7. Rajini Rao says:


    Kneight Reinagel , (: ʇɹɐʇs ɐ ɹoɟ sǝqoɹɔıɯ ƃuıʇɐǝ lıo ƃuıɹɹnɔɔo ʎllɐɹnʇɐu ǝsn plnoɔ ʎǝɥʇ


  8. +Rajini Rao : is it because of the new version ? all the letters of your message are upside down 🙂 Am I the only one ?

  9. Rajini Rao says:


    Haha, nothing wrong with your eyes or G+. I was responding to a commentator whose profile pic was upside down 😉


  10. My mistake, funny though

  11. Rajini Rao says:


    Step 3: Loop to Step 1?

  12. Rajini Rao says:


    Tie in of Fleetwood Mac to topic of post masterfully executed, Feisal Kamil 😉

  13. Rajini Rao says:


    LOL, you can try. Wait ’til I post something on the gating of a potassium channel or on virus structures.

  14. Rajini Rao says:


    Potassium channel openings are as beautiful as a flower, Mahesh Sreekandath , and a virus can have the most intricate crystalline symmetry.

  15. Rajini Rao says:


    Mahesh Sreekandath , oil eating bacteria are naturally at work cleaning oil spills, but so far, efforts to speed up the process by seeding the spills have not worked (they were used for the Exxon Valdez spill). The optimum combination of nutrients, aeration and specific bacterial strains are needed. The paper described here is still theory, but the idea is that by having bacteria on top of the oil instead of under it there will be more oxygen available.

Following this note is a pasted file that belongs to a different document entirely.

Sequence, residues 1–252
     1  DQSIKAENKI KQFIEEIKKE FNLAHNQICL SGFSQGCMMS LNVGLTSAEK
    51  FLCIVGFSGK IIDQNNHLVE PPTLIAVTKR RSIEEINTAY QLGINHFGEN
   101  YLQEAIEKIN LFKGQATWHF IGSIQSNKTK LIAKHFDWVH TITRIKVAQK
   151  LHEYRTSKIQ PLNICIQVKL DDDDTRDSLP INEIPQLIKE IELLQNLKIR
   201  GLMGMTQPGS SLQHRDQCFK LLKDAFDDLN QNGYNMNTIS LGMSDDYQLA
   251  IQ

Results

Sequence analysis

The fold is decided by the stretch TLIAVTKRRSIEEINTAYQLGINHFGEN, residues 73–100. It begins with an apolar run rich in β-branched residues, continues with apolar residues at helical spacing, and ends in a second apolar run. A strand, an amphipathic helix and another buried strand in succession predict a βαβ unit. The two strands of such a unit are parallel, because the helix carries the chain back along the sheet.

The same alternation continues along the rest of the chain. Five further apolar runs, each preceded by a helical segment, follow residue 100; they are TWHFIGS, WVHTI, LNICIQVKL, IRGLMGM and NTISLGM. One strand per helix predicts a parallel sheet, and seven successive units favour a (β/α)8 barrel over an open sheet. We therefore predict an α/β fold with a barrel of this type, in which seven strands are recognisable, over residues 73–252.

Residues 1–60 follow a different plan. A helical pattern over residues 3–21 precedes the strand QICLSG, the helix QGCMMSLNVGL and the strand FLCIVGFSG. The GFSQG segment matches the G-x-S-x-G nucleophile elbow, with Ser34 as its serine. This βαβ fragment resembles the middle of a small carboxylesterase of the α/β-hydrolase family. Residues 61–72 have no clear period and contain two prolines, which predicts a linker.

16. Rajini Rao says:


    That was a sweet song, thanks Peter Lindelauf 🙂

  17. Rajini Rao says:


    Oil and water emulsify. Your physiology lesson of the day: bile salts emulsify the fats that you eat (oh yes, you do) into microparticles where the lipid droplet is surrounded by salts so that they can be digested and absorbed.

  18. Rajini Rao says:


    Yes, that’s about right (not necessary but more efficient).